Japanese Marriage presents a mixed blend of various customs. In Japan, marriage is an occasion for gathering, fun and frolic. It is practiced with the rituals which represent it as a sacred union of two souls. Once girls and boys are of the age to marry, a search for the suitable match is set. In ancient Japanese myth, all things were created by the marriage of the male and female gods, ‘Izanagi’ and ‘Izanami’, who were basically Japan’s Adam and Eve. According to legend, these two gods came down to primeval earth from the heavens on a rainbow bridge. Out of their union came the islands of Japan, the sun, the moon, the mountains, the trees and the wind.

The Engagement
The engagement is sealed by a ceremony called the ‘yunio’. The highlight of this ceremony is the giving of symbolic gifts wrapped in ornate rice paper. The gifts include: dried cuttlefish, for its phallic shape; kelp or ‘konbu’ because it looks like the character that can be written to mean “child-bearing woman”; a long, linen thread to symbolize the gray hair of old age; and a folded fan which spreads out to show future wealth and growth in numbers.

The Wedding Outfits

The all-white silk wedding kimono dates back to the ‘Edo’ era (1700-1900) and the traditions of the brides of the samurai. White symbolizes both a new beginning and an end, because the bride “dies” as her father’s daughter and is reborn a member of her husband’s family. The bride traditionally wears her hair up, fastened by tortoise-shell combs. A white cloth and veil cover her head, and her face is painted creamy white. The bride changes several times, once to an ornate gold, silver and red robe embroidered with symbols on it such as cranes and flowers, and again to a deep-colored, highly patterned kimono usually reserved for young, unmarried women. This is the last time she will be able to wear this kimono. Irises are a beautiful choice for the Japanese American bride; the color purple is the color of love in Japan and was used at m,any an ancient wedding. The groom wears a black silk kimono with his family crest on it in white, in five different places. Under this kimono is a striped, pleated skirt, or hakama. The man would carry a white folded fan and wore white sandals. Many Japanese Americans still treasure kimonos handed down through the generations. Renting an outfit is quite expensive: One New York store charges upwards of INR 75000 which includes the services of a professional to dress you.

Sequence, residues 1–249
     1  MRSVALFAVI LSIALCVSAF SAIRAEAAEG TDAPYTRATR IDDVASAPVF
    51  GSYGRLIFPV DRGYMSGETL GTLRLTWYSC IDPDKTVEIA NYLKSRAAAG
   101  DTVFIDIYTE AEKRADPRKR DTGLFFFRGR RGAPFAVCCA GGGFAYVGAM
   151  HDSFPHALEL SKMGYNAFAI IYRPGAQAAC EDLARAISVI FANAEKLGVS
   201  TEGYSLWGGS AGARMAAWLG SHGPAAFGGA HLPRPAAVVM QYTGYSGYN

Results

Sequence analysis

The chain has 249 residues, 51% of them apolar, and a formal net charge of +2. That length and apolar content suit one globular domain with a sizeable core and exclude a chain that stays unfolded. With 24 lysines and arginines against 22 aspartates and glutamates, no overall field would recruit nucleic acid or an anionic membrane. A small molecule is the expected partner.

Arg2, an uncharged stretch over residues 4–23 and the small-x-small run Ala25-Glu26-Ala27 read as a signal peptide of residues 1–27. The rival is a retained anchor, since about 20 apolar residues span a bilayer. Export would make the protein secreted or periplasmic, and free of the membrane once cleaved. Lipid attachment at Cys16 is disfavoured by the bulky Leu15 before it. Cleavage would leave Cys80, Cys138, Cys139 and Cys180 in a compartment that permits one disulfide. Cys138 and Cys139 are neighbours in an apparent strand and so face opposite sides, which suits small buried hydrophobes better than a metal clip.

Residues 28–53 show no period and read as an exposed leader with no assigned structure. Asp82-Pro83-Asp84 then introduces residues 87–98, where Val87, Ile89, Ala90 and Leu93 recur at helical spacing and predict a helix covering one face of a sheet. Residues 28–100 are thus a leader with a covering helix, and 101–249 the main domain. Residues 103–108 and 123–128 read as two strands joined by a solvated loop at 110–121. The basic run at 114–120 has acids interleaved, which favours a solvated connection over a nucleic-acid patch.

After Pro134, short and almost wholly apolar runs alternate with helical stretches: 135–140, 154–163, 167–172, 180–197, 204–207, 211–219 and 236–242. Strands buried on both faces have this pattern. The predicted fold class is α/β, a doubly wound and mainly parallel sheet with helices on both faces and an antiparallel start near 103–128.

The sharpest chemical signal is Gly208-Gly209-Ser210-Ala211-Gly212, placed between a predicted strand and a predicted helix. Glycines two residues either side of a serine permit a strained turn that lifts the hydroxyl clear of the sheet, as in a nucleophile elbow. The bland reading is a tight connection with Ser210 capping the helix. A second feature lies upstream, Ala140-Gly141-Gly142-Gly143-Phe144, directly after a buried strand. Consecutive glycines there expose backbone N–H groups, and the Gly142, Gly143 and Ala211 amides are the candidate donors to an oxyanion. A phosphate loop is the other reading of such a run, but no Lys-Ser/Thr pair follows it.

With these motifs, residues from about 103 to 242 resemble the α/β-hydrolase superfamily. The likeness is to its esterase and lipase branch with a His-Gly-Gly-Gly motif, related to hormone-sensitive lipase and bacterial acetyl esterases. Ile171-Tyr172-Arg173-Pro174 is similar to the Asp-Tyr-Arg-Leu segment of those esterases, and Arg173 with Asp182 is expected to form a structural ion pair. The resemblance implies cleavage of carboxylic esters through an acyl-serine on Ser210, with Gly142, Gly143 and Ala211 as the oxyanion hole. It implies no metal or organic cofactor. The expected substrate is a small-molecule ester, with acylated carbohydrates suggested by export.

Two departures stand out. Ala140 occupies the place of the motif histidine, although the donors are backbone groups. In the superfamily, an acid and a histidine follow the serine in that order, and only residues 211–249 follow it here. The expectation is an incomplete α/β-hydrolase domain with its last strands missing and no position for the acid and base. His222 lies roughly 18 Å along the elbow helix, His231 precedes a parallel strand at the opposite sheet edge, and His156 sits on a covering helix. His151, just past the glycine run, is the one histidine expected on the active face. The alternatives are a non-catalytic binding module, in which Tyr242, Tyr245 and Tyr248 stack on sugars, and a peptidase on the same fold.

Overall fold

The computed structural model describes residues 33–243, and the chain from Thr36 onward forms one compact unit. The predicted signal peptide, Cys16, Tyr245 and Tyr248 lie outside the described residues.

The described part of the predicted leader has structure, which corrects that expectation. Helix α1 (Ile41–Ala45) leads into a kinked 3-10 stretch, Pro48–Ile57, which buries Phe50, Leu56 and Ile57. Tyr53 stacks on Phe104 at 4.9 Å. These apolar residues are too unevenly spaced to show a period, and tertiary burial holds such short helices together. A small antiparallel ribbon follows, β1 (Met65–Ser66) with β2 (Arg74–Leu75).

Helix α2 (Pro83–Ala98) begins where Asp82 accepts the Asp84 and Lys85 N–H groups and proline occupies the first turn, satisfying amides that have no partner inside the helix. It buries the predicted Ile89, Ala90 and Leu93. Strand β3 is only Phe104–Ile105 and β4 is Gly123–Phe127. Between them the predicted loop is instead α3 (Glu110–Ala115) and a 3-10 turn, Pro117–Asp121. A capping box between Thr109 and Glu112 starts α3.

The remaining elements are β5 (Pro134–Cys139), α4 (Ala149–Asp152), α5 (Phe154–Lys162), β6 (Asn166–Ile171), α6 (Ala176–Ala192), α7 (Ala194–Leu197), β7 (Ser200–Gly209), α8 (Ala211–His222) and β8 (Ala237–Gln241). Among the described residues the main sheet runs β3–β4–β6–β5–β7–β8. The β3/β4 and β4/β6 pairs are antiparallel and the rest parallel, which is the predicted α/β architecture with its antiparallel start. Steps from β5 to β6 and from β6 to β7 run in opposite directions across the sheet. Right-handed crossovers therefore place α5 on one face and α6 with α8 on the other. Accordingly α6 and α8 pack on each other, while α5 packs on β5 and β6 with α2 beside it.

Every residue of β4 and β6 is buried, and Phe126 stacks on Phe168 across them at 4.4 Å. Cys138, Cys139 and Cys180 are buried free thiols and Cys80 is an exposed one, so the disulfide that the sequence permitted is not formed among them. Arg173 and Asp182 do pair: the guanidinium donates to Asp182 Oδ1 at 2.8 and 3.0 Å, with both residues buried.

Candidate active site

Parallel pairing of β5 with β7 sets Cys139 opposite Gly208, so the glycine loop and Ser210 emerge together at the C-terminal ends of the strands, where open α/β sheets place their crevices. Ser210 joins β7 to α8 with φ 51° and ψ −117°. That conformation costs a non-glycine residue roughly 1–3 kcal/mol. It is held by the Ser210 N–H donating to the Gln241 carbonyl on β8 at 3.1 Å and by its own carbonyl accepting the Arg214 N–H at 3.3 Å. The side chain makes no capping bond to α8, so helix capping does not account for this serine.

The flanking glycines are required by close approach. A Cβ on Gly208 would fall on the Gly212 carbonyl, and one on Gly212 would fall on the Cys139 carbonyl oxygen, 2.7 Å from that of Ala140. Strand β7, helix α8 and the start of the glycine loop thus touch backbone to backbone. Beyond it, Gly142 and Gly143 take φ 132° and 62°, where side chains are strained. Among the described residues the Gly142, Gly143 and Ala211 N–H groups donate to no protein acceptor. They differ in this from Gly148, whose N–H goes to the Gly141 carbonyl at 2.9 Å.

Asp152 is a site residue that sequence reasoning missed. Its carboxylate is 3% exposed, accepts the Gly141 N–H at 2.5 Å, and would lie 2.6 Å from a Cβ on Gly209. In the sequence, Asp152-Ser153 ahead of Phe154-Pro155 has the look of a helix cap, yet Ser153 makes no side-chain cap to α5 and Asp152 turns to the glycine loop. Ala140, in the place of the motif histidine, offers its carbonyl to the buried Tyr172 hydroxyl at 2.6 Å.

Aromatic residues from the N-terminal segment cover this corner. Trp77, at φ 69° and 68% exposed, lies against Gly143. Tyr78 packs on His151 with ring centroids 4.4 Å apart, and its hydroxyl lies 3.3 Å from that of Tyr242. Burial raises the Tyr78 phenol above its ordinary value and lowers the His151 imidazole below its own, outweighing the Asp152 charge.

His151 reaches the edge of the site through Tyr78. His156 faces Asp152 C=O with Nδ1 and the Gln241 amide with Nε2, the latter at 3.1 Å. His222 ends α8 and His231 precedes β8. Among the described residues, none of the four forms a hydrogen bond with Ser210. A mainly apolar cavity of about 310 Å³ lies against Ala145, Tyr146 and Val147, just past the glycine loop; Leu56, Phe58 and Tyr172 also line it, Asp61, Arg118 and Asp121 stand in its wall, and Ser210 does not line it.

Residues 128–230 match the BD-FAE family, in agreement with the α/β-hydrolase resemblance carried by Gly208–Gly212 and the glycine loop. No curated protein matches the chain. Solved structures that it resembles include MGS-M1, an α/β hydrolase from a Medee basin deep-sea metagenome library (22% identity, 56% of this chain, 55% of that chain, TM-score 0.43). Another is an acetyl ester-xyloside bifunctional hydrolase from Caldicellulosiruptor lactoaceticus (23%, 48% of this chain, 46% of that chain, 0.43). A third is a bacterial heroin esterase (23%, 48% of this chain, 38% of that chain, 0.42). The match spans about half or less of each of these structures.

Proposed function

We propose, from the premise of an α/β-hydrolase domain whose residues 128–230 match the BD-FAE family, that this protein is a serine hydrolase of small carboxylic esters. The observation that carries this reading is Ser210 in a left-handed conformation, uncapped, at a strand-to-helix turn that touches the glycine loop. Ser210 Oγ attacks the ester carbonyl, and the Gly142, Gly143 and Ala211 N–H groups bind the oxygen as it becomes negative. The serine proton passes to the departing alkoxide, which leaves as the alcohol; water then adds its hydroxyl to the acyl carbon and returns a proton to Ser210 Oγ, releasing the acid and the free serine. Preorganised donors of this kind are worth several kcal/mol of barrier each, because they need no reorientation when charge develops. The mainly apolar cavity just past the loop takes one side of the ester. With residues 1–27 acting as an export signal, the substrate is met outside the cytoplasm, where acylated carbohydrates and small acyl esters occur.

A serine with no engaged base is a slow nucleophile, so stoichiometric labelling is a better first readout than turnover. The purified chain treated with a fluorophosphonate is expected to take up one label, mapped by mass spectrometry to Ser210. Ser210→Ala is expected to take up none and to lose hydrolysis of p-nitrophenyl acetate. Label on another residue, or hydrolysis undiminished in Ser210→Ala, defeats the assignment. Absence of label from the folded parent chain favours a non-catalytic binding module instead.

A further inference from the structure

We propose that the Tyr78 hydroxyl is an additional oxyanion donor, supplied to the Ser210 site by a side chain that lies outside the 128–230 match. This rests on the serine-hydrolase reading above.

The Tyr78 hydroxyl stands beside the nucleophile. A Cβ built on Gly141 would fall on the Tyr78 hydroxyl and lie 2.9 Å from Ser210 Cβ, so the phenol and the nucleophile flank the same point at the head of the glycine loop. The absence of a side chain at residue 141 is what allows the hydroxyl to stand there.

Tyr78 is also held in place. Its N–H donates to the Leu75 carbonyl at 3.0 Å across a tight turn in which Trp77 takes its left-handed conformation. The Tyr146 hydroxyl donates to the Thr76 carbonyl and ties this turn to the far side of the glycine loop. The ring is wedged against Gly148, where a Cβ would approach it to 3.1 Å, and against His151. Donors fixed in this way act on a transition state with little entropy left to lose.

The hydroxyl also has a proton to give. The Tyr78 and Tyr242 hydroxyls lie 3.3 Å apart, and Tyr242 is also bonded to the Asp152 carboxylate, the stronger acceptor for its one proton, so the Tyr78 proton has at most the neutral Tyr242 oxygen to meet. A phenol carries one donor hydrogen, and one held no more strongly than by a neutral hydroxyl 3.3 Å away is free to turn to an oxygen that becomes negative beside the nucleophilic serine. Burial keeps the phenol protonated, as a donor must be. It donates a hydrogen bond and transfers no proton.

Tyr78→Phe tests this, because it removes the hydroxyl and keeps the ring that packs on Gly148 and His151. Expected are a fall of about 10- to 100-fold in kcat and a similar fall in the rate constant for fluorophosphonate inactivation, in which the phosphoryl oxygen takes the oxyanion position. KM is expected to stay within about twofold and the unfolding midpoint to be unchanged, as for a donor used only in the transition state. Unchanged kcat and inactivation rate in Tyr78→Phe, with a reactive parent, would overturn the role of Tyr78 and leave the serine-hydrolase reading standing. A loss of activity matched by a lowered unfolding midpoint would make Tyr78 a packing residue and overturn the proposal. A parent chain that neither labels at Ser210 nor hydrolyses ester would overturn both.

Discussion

The Ceremony

The traditional Shinto ceremony honors the ‘kami’, the spirits inherent in the natural world. After a purification ceremony using a special branch called the ‘harai-gushi’, the priest calls to the gods to bless the couple. The ceremony ends with a ritual sharing of sake from three flat cups stacked on top of one another. Popularly called ‘san-san-kudo’, this ritual can be performed any number of ways, depending on the family’s customs. The groom may lead, taking three sips from the first cup, followed by the bride, who also takes three sips from the first cup. Then they move on to the second and third cups. The sake is then offered to the couple’s families. In the U.S., Japanese Americans seeking a traditional ceremony turn to the country’s Buddhist traditions. One highlight of the ceremony is the rosary, or ‘o juju’, which has 21 beads of two different colors. Eighteen beads represent the couple, two represent each family, and one represents the Buddha. Joined on one string, the beads symbolize the joining of the families. The san-san-kudo, more cultural than religious, is also performed at the Buddhist ceremony.